Reduce Unique ICDs by Redesigning the Product or the Process

The objective of this activity is to reduce the number of ICDs by reducing the occurrence of an ICD in producing a unit of Output, or by reducing the number of separate ICDs used in the Output. A unique ICD is one of the key activities in the work center's contribution to the final product (O). It is separate and distinct from any other activity in the work center. For example, the fastening of a part onto a subassembly and a quality control check of the subassembly would be unique ICDs.

B. Redesign the process of producing the ICD or Output

Change the process used to produce the ICD or Output to eliminate activities.

Reduce movement of an Input (People, Purchases or Capital)

No. Industry SIC Year Notes
1 2840 1988 P&G usually assigns a packaging engineer to a development group in the earliest stage.
2 3669 2002 Newly affordable wireless technology, especially handheld, is changing the way companies manage their business. It can be used to keep track of inventory and it is especially helpful at sites with no wiring set up.
3 4841 2008 Companies with large field service teams find it hard to raise productivity mainly because they underestimate what can be done in a day and fail to recognize the huge number of cancellations per day. One way to solve this problem is by giving teams more work than they can actually complete knowing that some customers will cancel. Companies can also dispatch teams in the field more flexibly by reassigning them on the spot as jobs are canceled and new ones pop up. Manager should also assign "ride-alongs" to observe teams at work and use the information to raise efficiency.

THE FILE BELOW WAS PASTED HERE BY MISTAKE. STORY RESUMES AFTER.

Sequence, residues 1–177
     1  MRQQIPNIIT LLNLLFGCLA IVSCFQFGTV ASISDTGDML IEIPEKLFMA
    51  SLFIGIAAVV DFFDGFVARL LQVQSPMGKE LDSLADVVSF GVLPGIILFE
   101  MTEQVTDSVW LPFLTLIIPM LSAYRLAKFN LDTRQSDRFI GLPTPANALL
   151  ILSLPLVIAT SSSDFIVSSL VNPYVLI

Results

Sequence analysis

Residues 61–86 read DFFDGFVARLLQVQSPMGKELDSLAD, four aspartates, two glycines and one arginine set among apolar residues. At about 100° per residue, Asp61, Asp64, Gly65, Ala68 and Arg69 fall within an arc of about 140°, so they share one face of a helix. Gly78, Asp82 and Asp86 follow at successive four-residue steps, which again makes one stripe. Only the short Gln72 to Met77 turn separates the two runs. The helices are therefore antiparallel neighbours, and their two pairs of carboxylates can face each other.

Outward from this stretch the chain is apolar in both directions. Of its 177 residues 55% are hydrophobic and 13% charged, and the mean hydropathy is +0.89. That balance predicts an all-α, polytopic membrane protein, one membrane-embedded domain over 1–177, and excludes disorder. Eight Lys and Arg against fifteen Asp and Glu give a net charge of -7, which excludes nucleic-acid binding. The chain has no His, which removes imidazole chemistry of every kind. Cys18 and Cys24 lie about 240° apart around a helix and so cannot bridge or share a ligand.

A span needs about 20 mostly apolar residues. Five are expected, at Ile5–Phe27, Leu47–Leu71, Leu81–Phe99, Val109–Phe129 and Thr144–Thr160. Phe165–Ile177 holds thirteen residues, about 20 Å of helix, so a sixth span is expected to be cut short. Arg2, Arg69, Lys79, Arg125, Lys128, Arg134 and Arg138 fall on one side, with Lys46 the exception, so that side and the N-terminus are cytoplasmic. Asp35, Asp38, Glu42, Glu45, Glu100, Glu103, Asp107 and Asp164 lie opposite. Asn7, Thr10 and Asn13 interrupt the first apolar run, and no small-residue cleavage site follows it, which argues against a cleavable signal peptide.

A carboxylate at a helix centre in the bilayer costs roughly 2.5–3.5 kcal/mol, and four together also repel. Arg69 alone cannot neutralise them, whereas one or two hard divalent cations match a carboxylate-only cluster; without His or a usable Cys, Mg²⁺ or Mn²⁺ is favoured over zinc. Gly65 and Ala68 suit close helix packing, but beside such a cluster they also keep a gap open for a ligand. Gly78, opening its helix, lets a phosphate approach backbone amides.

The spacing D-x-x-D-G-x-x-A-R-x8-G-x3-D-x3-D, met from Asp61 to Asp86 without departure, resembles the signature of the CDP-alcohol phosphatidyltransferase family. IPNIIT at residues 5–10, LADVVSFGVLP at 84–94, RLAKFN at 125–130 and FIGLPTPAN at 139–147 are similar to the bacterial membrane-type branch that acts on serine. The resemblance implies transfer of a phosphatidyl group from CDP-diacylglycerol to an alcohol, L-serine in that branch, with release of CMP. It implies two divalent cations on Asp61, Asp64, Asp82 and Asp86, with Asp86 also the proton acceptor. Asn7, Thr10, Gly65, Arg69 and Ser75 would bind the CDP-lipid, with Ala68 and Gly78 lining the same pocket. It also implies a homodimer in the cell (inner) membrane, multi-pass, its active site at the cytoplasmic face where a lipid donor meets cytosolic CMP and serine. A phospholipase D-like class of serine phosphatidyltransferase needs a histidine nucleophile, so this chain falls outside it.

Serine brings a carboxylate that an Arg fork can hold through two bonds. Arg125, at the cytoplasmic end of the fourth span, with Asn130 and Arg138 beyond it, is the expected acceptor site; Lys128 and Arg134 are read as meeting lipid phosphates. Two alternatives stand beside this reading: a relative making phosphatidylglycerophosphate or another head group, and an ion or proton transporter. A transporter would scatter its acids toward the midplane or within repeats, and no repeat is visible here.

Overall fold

4 5311 1996 Sears cut down the channels through which store managers had to order products from 12 to 4. That helped increase the average load of delivery trucks to 90% of capacity from 60%.
5 6324 2004 Aetna Inc. is taking steps to cut down the costs of healthcare by turning to medical experts. At Aetna in Ohio, it noticed that too many members went to the ER for things that required doctor attention, but that could be monitored safely at home rather than a hospital. In 2001, it launched a pilot project in Cincinnati that encouraged doctors to send home patients with simple pneumonia, dehydration, or gastroenteritis. An Aetna nurse would visit the patient's home to set up intravenous hydration, antibiotics, oxygen, and 24-hour monitoring devices. Doctors could keep in contact over the phone and still get paid for services. The average episode of simple pneumonia costs $7,155 to treat in the hospital but only $1,650 to treat under Aetna's home program.
6 8062 2007 As the financial and human costs of medical errors become apparent, some hospitals are working to improve their system and reduce costs. Analysts at Cincinnati Children's found that prescriptions traveled 2,100 feet before they were ready for delivery. The pharmacy was redesigned to reduce the distance pharmacists must travel. The turnaround time for non-urgent bedside medicines was reduced from 23 hours to 5 hours and the number of medicines that had to be discarded because patients had already been discharged was reduced by half.
7 9700 2007 The Air Force has adopted the tactics of commercial airliners to improve fuel efficiency. It has reduced the amount of onboard fuel, mapped more direct routes and scheduled more efficient midair refueling missions. The Air Force hopes to reduce usage by 10% in five years.

<<Return to Reduce Unique ICDs in Process